NATS provides air traffic navigation services to aircraft flying through UK controlled airspace and at several UK and international airports. So how do we move over 6,000 flights every day through the busy skies around the world safely and efficiently?
The guiding principle of air traffic control is that safety is paramount. Controllers must keep the aircraft they handle safely separated using internationally agreed standards. They achieve this by allocating different heights to aircraft or by arranging minimum horizontal distances between them. These distances vary according to circumstances, but aircraft flying along the airways under radar surveillance, for example, are kept five nautical miles apart horizontally or at least 1,000 feet vertically.
UK airspace contains a network of corridors, or airways. These are usually ten miles wide and reach up to a height of 24,000 feet from a base of between 5,000 and 7,000 feet. They mainly link busy areas of airspace known as terminal control areas, which are normally above major airports. At a lower level, control zones are established around each airport. The area above 24,500 feet is known as upper airspace.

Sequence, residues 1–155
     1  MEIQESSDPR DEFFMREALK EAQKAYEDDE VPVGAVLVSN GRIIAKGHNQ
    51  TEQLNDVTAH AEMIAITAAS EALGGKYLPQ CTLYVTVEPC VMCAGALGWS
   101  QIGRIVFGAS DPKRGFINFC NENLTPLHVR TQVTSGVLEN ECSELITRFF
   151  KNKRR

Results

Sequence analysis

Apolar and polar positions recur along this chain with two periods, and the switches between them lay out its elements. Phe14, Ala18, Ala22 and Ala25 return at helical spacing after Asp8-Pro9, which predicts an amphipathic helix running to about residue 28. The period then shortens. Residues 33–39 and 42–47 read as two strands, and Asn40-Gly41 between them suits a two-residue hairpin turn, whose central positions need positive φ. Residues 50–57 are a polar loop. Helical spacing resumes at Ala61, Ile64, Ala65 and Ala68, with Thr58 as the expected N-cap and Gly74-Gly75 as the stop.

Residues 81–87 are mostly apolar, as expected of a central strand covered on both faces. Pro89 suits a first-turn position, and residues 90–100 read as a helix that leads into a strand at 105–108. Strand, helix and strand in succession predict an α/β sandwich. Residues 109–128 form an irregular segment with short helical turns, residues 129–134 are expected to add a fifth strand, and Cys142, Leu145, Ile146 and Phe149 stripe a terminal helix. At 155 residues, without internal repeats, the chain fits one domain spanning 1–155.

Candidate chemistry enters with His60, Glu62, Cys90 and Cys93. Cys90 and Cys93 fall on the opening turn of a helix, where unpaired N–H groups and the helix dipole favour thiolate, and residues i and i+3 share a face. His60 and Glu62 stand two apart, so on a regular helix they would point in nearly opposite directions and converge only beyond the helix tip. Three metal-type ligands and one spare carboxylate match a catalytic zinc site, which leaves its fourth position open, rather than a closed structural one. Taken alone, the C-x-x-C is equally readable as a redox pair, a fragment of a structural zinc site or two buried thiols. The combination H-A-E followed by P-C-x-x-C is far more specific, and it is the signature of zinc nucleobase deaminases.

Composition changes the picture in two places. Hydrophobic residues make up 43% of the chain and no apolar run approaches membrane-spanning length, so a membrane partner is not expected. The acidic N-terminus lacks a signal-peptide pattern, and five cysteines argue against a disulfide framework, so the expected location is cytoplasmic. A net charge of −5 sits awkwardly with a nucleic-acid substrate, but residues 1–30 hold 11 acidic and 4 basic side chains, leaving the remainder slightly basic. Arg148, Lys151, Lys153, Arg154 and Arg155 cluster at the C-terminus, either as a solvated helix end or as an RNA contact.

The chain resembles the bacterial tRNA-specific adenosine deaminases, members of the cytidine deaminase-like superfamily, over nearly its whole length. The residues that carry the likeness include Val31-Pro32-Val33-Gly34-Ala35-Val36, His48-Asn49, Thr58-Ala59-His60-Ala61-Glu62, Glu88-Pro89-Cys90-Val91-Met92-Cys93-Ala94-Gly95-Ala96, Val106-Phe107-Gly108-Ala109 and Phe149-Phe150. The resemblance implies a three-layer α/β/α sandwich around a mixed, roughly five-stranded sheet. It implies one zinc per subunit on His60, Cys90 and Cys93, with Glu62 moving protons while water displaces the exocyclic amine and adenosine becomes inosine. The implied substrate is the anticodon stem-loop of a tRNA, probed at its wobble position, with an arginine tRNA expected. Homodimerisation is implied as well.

All of these airways are designated “controlled airspace”. Aircraft fly in them under the supervision of air traffic controllers and pilots are required to file a flight plan for each journey, containing details such as destination, route, timing and height.
Within controlled airspace, pilots must follow controllers’ instructions. Outside controlled airspace they take full responsibility for their own safety, although they can ask for help.
Military controllers work closely with their civilian colleagues to provide a fully integrated service to all users. They offer an air traffic service to aircraft in uncontrolled airspace. Military personnel also provide services to aircraft crossing airways and for those flying above 24,500 feet. A priority task for them is helping aircraft in distress.
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